Our first 2,000 days in life (up to about 5 years of age) is the period I call the download period. These 2,000 days shape the rest of our lives and this is where we learn to understand both ourselves and the world around us. We learn to use our body and our brain, understand our emotions and make friends.
In the documentary Becoming You on Apple TV, they have followed 100 children around the world, from Nepal to Japan and Borneo and their first 2,000 days on earth. An incredibly educative and very nicely filmed documentary in 6 parts. One of the things that stuck with me was the story of Ruru.
Ruru, a boy from Tokyo, faces his first challenge that will shape his perception of himself and his own capacity. Rurus' father asks him to go and buy sushi for the family. Ruru wonders if he should go by himself and his dad says YES, you can do it!
Ruru hits the streets of Tokyo to buy sushi. Unusual?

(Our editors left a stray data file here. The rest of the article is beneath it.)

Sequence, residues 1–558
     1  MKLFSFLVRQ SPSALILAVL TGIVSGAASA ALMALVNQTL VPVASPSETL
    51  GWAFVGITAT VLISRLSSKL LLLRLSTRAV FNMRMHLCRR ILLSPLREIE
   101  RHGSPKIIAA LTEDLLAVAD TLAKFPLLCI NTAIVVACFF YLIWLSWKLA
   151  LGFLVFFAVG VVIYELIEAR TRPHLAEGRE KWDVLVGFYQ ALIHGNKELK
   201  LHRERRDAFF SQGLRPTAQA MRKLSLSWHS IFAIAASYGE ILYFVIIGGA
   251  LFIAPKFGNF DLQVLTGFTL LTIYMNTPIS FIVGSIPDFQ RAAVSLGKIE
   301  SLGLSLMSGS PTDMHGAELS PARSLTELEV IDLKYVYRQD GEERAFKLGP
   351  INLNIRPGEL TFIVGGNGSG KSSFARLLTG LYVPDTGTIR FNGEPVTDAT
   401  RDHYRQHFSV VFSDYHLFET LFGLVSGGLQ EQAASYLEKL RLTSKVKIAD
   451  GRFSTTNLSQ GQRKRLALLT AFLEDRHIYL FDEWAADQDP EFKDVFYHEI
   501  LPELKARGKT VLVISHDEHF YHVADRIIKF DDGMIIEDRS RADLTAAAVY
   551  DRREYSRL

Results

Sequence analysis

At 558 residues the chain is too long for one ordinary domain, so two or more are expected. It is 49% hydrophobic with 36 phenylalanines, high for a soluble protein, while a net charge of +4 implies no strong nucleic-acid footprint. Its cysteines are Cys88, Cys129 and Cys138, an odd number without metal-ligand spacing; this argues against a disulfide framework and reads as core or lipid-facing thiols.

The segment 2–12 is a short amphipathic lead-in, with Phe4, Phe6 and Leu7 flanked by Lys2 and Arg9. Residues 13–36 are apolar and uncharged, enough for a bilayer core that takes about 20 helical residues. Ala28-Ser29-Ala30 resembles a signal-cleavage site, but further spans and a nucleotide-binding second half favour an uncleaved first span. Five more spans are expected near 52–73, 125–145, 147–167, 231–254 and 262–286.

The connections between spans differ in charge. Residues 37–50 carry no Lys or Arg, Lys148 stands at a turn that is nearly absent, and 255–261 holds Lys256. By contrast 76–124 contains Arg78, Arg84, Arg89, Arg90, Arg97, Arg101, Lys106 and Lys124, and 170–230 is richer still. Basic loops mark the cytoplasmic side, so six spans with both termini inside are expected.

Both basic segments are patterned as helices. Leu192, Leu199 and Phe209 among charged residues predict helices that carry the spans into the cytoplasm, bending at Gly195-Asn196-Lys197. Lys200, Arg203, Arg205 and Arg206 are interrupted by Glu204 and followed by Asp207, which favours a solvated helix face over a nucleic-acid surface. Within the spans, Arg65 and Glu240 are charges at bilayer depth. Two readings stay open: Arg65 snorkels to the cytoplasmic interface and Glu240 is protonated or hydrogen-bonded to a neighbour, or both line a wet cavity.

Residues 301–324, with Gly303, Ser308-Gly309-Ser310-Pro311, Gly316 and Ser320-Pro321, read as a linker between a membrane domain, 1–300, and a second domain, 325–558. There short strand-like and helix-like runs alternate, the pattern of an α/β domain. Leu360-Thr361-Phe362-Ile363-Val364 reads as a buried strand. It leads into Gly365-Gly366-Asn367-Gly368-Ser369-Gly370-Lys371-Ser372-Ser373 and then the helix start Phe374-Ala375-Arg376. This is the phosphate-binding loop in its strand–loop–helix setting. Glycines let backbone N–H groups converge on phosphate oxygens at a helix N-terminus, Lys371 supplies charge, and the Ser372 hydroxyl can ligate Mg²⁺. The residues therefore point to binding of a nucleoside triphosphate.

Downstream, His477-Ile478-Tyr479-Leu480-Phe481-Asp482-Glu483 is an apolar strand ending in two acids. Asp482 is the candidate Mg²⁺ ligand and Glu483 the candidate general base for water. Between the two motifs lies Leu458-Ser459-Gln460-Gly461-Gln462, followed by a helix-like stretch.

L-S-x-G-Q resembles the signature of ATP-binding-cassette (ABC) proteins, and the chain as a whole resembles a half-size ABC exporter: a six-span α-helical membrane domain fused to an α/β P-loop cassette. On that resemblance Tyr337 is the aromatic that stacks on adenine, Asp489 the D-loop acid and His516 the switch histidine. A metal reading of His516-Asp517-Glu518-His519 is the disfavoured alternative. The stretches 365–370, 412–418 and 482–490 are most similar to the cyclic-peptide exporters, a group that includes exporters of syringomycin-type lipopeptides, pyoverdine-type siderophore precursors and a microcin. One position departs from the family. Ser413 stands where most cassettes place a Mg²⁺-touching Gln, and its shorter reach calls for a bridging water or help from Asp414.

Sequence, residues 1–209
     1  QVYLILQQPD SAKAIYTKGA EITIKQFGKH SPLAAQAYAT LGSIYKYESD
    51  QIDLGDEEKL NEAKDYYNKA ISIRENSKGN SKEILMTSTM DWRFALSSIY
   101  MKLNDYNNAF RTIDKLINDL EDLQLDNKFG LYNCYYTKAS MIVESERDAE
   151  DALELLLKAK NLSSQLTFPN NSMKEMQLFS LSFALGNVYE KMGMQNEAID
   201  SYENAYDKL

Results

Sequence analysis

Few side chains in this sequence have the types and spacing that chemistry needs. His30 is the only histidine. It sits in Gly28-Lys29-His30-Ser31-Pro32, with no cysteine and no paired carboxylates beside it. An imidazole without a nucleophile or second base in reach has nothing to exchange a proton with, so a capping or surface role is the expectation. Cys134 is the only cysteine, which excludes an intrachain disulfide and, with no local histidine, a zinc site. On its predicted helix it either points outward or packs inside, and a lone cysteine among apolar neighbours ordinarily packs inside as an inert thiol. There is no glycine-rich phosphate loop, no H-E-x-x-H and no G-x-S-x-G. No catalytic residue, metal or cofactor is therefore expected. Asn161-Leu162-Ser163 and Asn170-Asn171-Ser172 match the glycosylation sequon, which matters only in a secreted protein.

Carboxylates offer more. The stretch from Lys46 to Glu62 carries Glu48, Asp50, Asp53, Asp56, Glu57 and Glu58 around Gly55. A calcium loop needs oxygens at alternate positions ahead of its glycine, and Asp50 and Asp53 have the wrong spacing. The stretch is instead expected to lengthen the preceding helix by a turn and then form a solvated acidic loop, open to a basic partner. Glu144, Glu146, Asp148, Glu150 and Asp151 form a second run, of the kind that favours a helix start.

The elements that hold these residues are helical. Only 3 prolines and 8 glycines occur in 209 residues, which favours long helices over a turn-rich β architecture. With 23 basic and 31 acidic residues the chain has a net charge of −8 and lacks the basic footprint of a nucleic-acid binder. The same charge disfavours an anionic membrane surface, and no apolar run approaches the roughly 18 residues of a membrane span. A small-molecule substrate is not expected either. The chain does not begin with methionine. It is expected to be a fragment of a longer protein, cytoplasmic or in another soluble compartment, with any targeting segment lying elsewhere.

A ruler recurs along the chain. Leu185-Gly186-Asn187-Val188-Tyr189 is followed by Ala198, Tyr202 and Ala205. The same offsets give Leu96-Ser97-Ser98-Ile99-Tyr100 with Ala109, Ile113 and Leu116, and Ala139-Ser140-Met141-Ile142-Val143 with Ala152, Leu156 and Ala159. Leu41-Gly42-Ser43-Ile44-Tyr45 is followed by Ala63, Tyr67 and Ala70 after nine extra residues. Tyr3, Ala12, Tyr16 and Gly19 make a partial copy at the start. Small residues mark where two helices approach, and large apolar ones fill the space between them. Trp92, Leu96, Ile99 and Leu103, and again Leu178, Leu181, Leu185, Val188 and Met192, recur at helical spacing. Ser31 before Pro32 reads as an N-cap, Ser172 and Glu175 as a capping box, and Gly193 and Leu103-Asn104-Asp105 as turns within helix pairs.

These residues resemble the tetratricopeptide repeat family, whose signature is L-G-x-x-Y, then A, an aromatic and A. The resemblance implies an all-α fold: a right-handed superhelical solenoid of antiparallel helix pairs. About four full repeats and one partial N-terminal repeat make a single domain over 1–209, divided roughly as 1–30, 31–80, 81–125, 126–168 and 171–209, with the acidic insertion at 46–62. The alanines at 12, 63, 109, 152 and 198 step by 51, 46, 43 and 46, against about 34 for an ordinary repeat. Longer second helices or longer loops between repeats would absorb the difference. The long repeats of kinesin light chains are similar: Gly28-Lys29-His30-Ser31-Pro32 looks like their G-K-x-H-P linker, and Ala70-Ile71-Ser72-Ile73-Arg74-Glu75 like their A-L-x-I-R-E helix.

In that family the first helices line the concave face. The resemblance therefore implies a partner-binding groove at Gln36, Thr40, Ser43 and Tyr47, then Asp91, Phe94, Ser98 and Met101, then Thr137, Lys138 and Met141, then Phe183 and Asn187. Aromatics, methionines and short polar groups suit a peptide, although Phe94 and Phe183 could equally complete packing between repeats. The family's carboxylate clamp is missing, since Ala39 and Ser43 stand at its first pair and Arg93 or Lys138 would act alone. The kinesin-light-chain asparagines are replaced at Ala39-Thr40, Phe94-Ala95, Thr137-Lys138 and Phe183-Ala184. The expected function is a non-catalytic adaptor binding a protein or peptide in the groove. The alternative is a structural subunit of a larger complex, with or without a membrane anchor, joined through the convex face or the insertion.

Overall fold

Ruru is 3 years old.
Quite a few of you are probably raising your eyebrows right now. But in Japan this is very common. It is a custom known as "the first errand". It is the child's first introduction to true independence. Ruru learns that he has the capacity to do something he has never done before. It's new boy coming back, full of confidence. This is an important step in building an identity about who he is.
 I'm not saying you should let your 3-year-old out in town by themselves to buy dinner. What I want to say, however, is that you can challenge your children earlier than you think, when it comes to creating independence and self-confidence.
When I was around 9-10 years old, my mother trained me in household economics. She gave me household money for the week and let me take care of the finances throughout the week. I had to buy food, give petrol money to my father and pay small expenses. The incentive was that I could keep the money that was left after the weekend. Guess if I was skilled at looking at red price tags and discounts in the grocery store and asking my parents if they really needed to buy certain things.
Today I can see how it has created a useful independence in me, for which I am grateful.
So what can you train your child, or maybe yourself in? What could be “the first errand" towards your own independence?